Pakistan's Foreign Office summoned India's Deputy High Commissioner JP Singh on Friday to express its concern over the acquittal of right-wing activist Aseemanand, who also allegedly masterminded the Samjhauta train blasts case.
In a statement, the Foreign Office said, "Swami Aseemanand had publicly confessed that he was the 'mastermind' of Samjhauta Express terrorist attack of February 2007 and had also identified a serving Indian army officer, Col Purohit (Lieutenant Colonel Shrikant Purohit), who was head of terrorist organisation Abhinav Bharat, as his accomplice in the Samjhauta Express terrorist attack."
On February 18, 2007, 68 people were killed in the blasts on Samjhauta Express while it was passing through Panipat. The statement added that 42 Pakistani citizens had lost their lives.
"The Government of Pakistan expects India to take steps to bring to justice all those involved in the heinous act of Samjhauta Express terrorist attack," the statement read.
On Thursday, Foreign Office spokesperson Nafees Zakaria termed Swami Aseemanand's acquittal in the 2007 Ajmer blast case as "regrettable". "What we have noted is that over the last few years they had been exonerating people involved in the Samjhauta Express terrorist attack," Mr Zakaria said.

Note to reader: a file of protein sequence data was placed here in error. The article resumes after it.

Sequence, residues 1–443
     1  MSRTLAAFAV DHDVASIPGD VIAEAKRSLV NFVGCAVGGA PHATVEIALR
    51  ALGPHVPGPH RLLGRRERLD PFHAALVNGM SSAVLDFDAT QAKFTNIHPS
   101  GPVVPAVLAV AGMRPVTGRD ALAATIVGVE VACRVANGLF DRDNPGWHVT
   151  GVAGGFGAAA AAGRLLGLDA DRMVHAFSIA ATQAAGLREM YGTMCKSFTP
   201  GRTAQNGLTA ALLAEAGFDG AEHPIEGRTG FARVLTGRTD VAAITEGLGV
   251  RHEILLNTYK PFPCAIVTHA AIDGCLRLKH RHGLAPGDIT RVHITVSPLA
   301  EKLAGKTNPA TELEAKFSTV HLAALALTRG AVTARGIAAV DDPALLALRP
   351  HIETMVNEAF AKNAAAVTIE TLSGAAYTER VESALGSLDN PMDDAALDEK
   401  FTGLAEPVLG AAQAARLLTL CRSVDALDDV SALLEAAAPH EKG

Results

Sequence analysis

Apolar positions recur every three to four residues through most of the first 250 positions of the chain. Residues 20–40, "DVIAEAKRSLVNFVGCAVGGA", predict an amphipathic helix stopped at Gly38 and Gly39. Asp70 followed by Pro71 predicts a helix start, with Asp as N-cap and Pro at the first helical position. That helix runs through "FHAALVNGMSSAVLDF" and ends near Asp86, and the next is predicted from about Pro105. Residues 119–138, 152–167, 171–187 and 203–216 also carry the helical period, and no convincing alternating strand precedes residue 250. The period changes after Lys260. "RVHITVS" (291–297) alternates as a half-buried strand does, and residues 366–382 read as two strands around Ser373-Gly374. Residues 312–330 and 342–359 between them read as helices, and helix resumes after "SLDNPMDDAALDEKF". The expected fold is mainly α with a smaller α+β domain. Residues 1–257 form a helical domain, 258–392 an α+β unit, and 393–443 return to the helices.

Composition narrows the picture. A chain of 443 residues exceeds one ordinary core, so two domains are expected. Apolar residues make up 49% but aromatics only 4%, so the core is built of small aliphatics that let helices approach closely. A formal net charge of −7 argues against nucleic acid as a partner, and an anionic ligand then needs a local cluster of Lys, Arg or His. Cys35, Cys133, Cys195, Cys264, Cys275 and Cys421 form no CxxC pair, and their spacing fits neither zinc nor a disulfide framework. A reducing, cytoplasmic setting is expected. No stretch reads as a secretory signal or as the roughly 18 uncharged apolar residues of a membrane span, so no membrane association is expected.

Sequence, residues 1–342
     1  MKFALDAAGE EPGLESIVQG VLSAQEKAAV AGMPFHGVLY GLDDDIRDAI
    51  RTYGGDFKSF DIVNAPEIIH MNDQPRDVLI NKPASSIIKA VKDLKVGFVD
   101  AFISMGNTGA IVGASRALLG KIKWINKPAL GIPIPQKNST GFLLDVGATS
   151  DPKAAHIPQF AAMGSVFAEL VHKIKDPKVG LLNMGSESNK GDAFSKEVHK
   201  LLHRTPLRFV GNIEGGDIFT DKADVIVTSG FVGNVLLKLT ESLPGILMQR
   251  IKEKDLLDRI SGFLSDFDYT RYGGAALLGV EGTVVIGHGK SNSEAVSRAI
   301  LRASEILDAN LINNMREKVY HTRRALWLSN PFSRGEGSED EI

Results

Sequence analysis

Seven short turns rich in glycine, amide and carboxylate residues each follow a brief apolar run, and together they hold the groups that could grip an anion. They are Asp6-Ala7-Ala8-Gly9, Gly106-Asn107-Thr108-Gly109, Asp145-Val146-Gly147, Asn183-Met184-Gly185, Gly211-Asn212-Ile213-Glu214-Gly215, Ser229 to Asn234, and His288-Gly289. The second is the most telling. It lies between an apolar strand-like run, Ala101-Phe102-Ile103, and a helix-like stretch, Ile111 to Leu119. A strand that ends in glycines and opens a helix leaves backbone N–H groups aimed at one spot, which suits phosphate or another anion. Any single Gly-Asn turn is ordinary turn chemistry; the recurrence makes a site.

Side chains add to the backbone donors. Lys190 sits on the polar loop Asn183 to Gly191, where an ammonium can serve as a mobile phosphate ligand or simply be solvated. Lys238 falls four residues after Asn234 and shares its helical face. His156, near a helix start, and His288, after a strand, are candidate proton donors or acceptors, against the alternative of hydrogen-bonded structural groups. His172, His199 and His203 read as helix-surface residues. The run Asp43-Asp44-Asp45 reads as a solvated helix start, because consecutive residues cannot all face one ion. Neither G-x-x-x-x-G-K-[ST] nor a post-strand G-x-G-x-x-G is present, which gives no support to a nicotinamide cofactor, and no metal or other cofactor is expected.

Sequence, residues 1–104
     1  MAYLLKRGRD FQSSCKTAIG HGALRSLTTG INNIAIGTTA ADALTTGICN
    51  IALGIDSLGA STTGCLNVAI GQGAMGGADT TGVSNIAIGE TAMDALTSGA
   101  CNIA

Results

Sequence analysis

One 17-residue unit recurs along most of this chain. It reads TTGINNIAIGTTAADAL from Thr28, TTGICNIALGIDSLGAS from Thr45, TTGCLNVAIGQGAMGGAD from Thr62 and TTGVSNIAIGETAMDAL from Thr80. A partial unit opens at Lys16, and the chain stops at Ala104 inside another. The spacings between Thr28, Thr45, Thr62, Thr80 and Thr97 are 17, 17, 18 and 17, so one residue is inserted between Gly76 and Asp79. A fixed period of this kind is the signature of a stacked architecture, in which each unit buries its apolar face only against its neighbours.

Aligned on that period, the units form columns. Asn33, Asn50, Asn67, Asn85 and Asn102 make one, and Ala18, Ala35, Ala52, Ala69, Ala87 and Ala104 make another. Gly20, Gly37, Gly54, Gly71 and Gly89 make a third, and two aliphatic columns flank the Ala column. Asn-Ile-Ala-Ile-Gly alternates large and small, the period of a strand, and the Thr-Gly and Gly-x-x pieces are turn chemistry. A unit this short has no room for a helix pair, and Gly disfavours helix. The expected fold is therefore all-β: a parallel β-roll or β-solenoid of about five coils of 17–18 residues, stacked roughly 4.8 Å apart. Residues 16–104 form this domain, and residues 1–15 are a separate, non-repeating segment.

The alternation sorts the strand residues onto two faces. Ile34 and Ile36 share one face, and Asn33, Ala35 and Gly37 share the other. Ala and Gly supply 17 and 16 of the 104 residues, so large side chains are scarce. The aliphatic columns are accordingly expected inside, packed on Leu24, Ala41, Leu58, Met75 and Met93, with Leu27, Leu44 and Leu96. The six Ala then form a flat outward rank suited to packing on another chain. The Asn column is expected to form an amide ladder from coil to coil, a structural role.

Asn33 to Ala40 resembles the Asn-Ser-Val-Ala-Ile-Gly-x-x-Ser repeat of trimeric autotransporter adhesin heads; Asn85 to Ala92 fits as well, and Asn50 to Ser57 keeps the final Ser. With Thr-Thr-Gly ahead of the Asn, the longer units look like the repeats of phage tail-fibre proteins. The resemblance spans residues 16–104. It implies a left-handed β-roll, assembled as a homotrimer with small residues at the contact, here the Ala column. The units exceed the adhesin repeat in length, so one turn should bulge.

"We have been pursuing the case of Samjhauta Express with the Indian government and we hope that they will share the findings/investigations collected so far in the case with us and perpetrators will be brought to justice," he said.
Swami Aseemanand is an accused in several bombings including the Malegaon blast in Maharashtra in 2006 in which nearly 40 people were killed, and explosions at Hyderabad's Mecca Masjid and Samjhauta Express in 2007.
The charges against Aseemanand included murder and spreading communal hatred. He was jailed in 2010 and allegedly admitted to his involvement in the series of terror attacks. He had later retracted this statement, saying it was made under pressure from the investigators.